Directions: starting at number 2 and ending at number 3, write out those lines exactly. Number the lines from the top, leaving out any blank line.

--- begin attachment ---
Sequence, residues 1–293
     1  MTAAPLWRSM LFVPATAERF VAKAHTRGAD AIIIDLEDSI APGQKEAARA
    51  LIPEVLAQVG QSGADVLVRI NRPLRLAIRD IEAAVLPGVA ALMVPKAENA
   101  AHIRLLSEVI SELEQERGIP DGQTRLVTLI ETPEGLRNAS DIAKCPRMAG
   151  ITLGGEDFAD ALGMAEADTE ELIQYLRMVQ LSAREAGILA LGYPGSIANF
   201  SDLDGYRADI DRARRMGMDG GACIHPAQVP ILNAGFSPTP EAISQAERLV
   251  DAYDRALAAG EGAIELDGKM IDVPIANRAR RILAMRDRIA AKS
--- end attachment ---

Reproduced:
     1  MTAAPLWRSM LFVPATAERF VAKAHTRGAD AIIIDLEDSI APGQKEAARA
    51  LIPEVLAQVG QSGADVLVRI NRPLRLAIRD IEAAVLPGVA ALMVPKAENA